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Elder Financial Abuse and Exploitation

Mar 16, 2018 | 3 minute read

Elder Financial Abuse and Exploitation

Elder abuse is the intentional or neglectful act by a trusted individual or caregiver that can lead to the harm of a vulnerable elder.[1] Financial exploitation of elders occurs when a trusted caregiver illegally takes, misuses, or conceals funds, property, or assets of a vulnerable elder.[2] Given their age and increased dependency on others, older adults are often more vulnerable and a target of criminals as they tend to have more financial assets.[3]

Who is at Risk?

Elder abuse can affect people of all backgrounds and socioeconomic statuses. A senior may be at greater risk of financial abuse if they:[4]

  • Live primarily alone
  • Experience consistent loneliness
  • Have lost a loved one recently
  • Suffer from physical or mental disabilities

Cases are more predominant when elders suffer from dementia or another mental capacity weakening their ability to make sound financial decisions. According to the National Adult Protective Services Association, one in twenty adults have indicated some form of perceived financial mistreatment in the recent past.[5]

Scams and Fraud Targeting Seniors

Taking advantage of their potential vulnerability, criminals often target the elderly in the form of scams, fraud, and misleading marketing. In some cases, an offender will call, email, or send a letter with the intent to mislead the victim and ask for personal financial information.[6]

Additional scams can include:

  • Fraudulent investment or insurance schemes
  • Fake “sweepstakes” that the person must pay a fee to collect the winnings
  • Medical billing scams or unnecessary medical care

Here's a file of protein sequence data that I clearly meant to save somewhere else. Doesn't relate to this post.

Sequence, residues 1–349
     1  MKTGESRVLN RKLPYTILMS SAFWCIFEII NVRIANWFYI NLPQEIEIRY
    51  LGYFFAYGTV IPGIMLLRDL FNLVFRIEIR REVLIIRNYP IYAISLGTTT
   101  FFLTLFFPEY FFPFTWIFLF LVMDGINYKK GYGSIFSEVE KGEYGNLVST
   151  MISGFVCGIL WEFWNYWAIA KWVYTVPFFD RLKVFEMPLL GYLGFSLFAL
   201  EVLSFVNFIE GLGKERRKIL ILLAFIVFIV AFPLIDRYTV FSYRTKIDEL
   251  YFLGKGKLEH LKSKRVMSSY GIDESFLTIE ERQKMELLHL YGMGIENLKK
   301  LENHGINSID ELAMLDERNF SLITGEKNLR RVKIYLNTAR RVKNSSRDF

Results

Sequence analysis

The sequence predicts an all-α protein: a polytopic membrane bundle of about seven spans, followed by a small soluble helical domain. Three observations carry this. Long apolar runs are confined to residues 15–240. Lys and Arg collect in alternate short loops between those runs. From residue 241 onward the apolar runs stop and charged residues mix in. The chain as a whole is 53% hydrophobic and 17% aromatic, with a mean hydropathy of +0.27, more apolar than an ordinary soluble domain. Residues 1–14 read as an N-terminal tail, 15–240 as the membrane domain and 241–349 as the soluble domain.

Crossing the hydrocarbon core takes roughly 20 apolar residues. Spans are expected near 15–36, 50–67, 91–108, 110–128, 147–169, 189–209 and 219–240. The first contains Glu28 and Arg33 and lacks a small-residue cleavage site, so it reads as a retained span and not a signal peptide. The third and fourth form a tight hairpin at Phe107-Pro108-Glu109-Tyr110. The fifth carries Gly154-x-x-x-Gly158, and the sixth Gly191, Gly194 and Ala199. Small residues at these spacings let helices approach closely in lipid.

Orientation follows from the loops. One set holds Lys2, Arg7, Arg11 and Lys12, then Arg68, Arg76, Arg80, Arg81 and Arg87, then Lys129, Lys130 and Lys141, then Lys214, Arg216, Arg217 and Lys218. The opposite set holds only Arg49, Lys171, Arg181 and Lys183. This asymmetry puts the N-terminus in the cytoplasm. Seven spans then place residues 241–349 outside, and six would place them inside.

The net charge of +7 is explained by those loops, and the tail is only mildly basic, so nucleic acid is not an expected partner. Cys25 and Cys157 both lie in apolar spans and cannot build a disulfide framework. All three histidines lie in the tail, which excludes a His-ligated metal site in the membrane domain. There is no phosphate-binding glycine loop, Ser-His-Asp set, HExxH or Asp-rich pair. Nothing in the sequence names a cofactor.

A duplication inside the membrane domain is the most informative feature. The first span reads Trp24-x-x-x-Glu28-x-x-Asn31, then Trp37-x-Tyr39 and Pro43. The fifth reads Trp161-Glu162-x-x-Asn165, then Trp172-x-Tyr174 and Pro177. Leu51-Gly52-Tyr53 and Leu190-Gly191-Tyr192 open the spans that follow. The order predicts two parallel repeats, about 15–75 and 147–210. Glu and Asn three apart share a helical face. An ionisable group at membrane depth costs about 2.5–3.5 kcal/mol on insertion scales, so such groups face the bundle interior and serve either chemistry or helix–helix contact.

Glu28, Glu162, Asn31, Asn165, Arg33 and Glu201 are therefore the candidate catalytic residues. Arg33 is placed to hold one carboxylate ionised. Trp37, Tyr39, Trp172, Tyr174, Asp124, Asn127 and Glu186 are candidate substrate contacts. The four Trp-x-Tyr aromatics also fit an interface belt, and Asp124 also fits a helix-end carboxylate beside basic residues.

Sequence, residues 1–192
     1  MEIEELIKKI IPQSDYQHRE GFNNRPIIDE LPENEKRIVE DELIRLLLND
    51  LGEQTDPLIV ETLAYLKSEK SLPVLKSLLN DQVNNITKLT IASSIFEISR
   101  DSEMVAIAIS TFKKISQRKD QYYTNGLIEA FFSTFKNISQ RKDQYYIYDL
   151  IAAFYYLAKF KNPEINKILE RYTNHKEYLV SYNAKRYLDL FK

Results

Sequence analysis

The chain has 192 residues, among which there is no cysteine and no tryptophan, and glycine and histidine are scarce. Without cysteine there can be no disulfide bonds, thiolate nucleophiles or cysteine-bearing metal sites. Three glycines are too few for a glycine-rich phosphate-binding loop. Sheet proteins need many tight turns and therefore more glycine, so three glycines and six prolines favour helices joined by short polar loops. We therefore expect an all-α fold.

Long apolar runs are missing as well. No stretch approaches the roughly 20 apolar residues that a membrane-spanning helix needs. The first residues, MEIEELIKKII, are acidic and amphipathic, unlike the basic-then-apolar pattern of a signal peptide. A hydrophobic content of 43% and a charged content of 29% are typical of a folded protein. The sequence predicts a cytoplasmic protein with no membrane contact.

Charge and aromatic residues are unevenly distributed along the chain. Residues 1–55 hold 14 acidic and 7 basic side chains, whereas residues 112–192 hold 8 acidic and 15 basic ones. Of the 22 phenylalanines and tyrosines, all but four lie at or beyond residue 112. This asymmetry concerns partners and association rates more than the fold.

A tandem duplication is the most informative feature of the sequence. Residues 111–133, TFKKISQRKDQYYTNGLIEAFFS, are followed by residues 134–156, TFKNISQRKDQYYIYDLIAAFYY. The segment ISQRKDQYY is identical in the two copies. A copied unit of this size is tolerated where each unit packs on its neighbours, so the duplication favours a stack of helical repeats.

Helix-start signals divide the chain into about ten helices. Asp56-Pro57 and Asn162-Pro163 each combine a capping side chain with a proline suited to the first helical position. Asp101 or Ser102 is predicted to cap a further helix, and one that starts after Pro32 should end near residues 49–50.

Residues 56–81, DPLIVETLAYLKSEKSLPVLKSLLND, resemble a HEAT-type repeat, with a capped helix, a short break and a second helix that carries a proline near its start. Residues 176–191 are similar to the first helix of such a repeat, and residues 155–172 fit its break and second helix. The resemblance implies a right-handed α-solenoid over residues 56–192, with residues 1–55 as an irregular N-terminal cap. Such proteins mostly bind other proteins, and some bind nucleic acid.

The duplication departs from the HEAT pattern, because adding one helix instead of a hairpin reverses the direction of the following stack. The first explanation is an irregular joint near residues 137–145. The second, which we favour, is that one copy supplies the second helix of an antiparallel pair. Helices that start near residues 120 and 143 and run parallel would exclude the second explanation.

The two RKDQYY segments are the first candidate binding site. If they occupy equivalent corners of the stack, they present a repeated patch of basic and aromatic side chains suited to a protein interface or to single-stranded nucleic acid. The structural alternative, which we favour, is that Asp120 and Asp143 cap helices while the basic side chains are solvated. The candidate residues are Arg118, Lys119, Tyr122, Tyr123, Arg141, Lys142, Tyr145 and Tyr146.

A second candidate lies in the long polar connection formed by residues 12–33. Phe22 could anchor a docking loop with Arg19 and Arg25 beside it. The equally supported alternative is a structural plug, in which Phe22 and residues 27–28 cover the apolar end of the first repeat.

• Predatory or unnecessary lending
  • Fraudulent contracts

Warning Signs of Elder Financial Abuse

Financial exploitation can take on many forms. While a majority of victims are manipulated by a person they have a trusted relationship with, scams and fraud by strangers are also very common.[7]

Common signs of elder financial abuse to watch for:

  • Bank activity including withdrawals and charges the victim can’t explain
  • Missing property including items or cash from their home
  • Potentially forged signatures on financial documents and checks
  • Changes in wills, titles, etc.
  • Unpaid/overdue bills when they have the means to pay them

Only 1 in 44 financial elder abuse cases are reported.[8] Financial abuse can be prevented. If you suspect you or someone you know has been the victim of financial abuse, contact your local police department immediately. Additionally, you can find assistance in your area at using the ElderCare Locator at eldercare.gov.

If you suspect any fraud in your General Electric Credit Union (GECU) account(s), please reach out to us immediately at fraud@gecreditunion.org or call 513.243.4328/800.542.7093 and ask to speak with someone in the fraud department.

 



[1] https://ncea.acl.gov/resources/docs/Red-Flags-Elder-Abuse-NCEA-2015.pdf
[2] https://ncea.acl.gov/faq/index.html
[3] http://elder.findlaw.com/elder-abuse/elder-financial-abuse-and-exploitation.html
[4] http://www.moneymanagement.org/Community/Blogs/Blogging-for-Change/2016/June/Warning-signs-of-financial-elder-abuse.aspx
[5] http://www.napsa-now.org/policy-advocacy/exploitation/
[6] https://www.homehelpershomecare.com/blog/2013/02/six-warning-signs-of-financial-elder-abuse
[7] http://www.napsa-now.org/policy-advocacy/exploitation/
[8] http://www.napsa-now.org